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Reply To: The Hero’s Journey in Contemporary Literature/Fantasy

#72476

Mars writes:

one guy (Z) causes the vast majority of havoc and spill.”

and androoshka responds

I think it makes sense to approach these stories with the idea that these stories are being created and circulated at a time and place of honor culture, where, on average, men were more probably more chauvinistic then they were now… So it would make sense that they create system of stories that revolve around an Alpha.”

I’m not so sure about that, androoshka. I suspect that dynamic is as present today as ever.

So many masculine figures in positions of power today have been manifesting the Zeus archetype and indulging in bad behavior, most often in the form of sexual improprieties: Harvey Weinstein (who was so powerful that film stars, producers, agents, and others in Hollywood referred to him as “God,” apparently only partly tongue-in-cheek); the late Roger Ailes, who ruled at Fox News with an iron hand, pressed the female talent for sexual favors; Mark Hurd, the CEO of Hewlett-Packard, forced to step down over sexual harassment claims; former New York Governor Andrew Cuomo, who resigned before he could be impeached for harassing female employees (his predecessor, David Paterson, admitted to multiple affairs in office, and his predecessor, Elliot Spritzer, resigned in 2008, after his relationships with call girls were revealed); multiple other governors in both red and blue states; Jeff Zucker, who led CNN;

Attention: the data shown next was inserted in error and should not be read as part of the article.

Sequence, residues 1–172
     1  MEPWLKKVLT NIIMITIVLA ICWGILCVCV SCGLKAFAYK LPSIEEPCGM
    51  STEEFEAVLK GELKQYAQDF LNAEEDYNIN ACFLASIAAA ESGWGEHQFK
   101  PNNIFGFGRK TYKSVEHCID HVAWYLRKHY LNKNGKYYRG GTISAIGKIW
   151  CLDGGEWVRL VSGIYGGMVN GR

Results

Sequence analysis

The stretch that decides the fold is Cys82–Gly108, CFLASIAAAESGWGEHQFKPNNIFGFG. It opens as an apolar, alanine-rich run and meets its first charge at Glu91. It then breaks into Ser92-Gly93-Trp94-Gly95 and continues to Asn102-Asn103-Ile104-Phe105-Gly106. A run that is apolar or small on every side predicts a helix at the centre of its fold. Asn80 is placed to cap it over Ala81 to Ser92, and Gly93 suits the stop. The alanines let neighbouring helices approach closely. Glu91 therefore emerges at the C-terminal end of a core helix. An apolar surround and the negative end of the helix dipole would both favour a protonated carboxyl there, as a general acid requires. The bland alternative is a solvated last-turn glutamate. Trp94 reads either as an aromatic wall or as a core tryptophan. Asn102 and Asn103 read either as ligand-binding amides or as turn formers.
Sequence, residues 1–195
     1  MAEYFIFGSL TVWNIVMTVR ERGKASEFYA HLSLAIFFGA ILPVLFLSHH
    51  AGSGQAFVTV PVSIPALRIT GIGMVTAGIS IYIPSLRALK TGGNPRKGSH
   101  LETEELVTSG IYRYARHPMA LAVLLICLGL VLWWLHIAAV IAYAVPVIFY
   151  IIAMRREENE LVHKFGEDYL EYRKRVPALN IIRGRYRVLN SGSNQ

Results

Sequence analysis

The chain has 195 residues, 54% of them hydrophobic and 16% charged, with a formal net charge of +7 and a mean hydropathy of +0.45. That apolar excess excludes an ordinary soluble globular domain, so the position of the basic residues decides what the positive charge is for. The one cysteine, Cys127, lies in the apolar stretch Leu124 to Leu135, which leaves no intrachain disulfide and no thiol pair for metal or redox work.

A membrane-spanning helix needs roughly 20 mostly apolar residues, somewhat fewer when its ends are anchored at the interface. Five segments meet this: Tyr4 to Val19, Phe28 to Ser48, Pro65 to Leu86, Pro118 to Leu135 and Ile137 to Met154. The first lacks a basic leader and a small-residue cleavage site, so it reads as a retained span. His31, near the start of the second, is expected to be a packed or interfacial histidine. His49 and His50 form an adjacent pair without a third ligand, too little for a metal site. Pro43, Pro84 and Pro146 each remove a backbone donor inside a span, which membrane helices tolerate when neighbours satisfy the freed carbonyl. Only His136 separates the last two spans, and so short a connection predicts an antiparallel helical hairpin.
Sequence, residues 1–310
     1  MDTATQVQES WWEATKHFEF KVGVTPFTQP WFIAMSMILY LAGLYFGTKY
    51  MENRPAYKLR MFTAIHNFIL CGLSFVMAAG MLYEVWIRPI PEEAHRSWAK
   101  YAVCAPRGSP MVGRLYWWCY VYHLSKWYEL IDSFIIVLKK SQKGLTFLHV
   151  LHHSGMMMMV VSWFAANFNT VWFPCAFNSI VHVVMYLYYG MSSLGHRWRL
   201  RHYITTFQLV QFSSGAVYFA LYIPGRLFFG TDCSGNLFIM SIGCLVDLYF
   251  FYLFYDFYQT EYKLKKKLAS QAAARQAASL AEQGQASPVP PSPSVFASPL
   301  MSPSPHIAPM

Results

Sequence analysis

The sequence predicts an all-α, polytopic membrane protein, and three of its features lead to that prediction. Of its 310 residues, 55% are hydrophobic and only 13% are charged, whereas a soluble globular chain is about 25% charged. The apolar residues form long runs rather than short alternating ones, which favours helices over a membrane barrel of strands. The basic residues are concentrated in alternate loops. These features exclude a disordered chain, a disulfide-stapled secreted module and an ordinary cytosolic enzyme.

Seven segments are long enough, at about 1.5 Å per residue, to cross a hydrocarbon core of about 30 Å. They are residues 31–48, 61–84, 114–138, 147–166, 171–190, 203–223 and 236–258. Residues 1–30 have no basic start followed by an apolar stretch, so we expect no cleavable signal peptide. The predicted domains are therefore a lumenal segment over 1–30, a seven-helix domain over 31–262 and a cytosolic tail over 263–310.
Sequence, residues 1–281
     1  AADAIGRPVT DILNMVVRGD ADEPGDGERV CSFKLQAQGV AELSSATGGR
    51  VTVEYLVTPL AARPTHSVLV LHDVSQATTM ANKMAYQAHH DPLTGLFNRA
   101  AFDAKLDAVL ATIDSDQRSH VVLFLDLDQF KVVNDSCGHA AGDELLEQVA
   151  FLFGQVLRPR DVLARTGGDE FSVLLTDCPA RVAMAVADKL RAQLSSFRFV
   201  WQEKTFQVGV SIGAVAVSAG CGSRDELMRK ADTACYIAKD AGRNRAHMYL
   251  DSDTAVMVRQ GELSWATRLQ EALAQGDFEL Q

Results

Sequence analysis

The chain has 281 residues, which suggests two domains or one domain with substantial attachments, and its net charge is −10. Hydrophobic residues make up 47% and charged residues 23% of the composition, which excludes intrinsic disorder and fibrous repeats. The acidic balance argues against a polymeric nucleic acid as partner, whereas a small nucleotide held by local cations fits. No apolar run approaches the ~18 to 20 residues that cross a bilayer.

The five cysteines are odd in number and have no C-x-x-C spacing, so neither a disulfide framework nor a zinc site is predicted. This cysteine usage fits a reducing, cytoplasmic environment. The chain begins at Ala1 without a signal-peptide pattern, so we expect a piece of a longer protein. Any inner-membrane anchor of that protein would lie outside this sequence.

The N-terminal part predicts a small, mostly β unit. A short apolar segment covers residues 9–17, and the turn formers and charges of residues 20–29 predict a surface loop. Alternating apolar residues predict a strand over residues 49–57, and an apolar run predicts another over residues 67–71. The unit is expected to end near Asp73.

. . . and then there’s Donald Trump, in a class all his own, accused of sexual conduct by 26 different women (and on record spending vast sums to keep two of them quiet – canceled checks over his signature admitted as evidence in court – and several currently in litigation).

That’s only the tip of the iceberg. The differences between these individuals in terms of politics and religion vary greatly – but what they have in common is all occupy positions of power, and abused that power. (Note the havoc many Zeus wannabes create isn’t necessarily limited to the sexual arena; those were just the most immediate examples at hand).

In the past, this has been written off as “boys will be boys,” with women often given the blame when these situations became public knowledge;  the difference today is that this behavior is being called out by those unwilling to remain victims – something Zeus didn’t have to contend with much.

That’s the power of myth: those stories don’t address anomalies exclusive to a time and place in the long ago, but speak to the human condition. These archetypal mythological patterns are always humming along under the surface, still compelling human behavior today.